Each of the 4 centers above is intended to last around 10-12 minutes, and then the students in that group move on to an extension activity.  This is where differentiation comes in so easily!  I won’t go into too much detail on this because there is a wide array of activities a given group might move onto, but a few examples are listen to reading, reading from their book baggies, placing magnetic letters in order on an alphabet arc then making sight words, making sight words from play doh, etc.  Also, each student has an “Unfinished Work” folder in his/her cubby, and I slip extra activities into them that are tailored for that kiddo.
As a side note, we don’t gloss over the traditional “Read to Self” center.  We have a separate D.E.A.R. time for 15 minutes where students practice read to self later in the day.
My school bought us some really nice book baggies that are made of sturdy nylon.  They’re cheaper than a book box, and in my opinion they are much easier to use/store.  Inside each kiddos book baggy is an alphabet chart, color chart, shape chart, file folder, and 4 to 6 books of varying levels depending on his/her reading level.  This is where [Finn Books] come in super handy.  They are already leveled for each kiddo and are PERFECT for keeping in your classroom library to let students “shop” through for their book baggies.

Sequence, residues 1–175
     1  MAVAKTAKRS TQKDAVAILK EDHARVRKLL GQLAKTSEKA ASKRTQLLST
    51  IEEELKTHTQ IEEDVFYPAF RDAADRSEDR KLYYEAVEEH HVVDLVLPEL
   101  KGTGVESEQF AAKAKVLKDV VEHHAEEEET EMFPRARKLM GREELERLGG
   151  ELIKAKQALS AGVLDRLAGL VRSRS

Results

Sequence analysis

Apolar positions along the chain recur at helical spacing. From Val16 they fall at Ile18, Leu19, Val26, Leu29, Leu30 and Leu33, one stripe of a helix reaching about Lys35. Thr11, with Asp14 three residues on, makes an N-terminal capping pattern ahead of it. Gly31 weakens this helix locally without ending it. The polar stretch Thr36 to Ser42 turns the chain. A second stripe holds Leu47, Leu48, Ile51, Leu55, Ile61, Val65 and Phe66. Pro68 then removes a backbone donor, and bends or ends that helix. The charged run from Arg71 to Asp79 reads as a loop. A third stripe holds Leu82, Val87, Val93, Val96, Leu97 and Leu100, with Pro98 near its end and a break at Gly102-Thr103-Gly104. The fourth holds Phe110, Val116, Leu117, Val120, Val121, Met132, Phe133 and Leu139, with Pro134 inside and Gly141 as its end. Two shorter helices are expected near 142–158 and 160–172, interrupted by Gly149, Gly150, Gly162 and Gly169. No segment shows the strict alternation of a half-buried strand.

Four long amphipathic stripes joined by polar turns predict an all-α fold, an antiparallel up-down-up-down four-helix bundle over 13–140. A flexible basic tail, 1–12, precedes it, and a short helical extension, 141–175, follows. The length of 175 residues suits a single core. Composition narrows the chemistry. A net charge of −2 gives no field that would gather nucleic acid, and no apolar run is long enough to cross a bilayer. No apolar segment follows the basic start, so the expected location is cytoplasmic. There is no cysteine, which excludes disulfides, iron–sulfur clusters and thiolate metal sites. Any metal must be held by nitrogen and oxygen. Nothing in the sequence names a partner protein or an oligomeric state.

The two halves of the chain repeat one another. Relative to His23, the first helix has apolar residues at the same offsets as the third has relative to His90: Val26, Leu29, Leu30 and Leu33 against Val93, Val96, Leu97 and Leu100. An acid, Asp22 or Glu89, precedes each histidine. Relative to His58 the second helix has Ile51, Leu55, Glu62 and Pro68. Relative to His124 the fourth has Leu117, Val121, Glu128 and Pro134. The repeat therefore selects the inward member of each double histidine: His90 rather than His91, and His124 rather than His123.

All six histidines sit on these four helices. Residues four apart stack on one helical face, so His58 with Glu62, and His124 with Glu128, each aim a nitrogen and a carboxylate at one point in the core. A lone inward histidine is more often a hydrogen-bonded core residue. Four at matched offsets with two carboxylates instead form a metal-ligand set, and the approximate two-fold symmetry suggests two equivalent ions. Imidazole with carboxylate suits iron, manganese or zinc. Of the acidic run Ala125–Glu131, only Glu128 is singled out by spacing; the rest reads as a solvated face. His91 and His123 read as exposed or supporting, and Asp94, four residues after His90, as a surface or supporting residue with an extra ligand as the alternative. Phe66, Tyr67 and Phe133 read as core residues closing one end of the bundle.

You can grab your own copy of the alphabet chart and file folder labels that we use in our book baggies for FREE by clicking the picture above.

Here’s a look at the file folder mat in our book baggies.  When students pull out their leveled books (think Finn Books people!) and other picture books, they place them all on the “Time to Re-Read” side to cover the label.  As they read each book, they place it on the “I Read It” side.  Once all of the books have moved to the “I Read It” side the kiddos know it is time to re-read!  This is a great visual for the kiddos and helps them know when it’s time to re-read the books in their baggies. 
I hope these tips have been helpful for you!  Now imagine having your very own set of Finn Books for your kiddos to use in their book baggies or boxes, as well as during small group instruction.  Well, you could win your very own set for your classroom!    One lucky winner will win a set of 6 books of his or her choice (Level A, B, or C) – that’s a $30 value!

Entry is easy using the Rafflecopter below!

a Rafflecopter giveaway

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  1. I've never seen these before! They look so much more interesting than the readers that correlate with my reading series. Thanks for sharing your guided reading plan! I'm a fairly new teacher and I'm still trying to figure out the best routine for myself ๐Ÿ™‚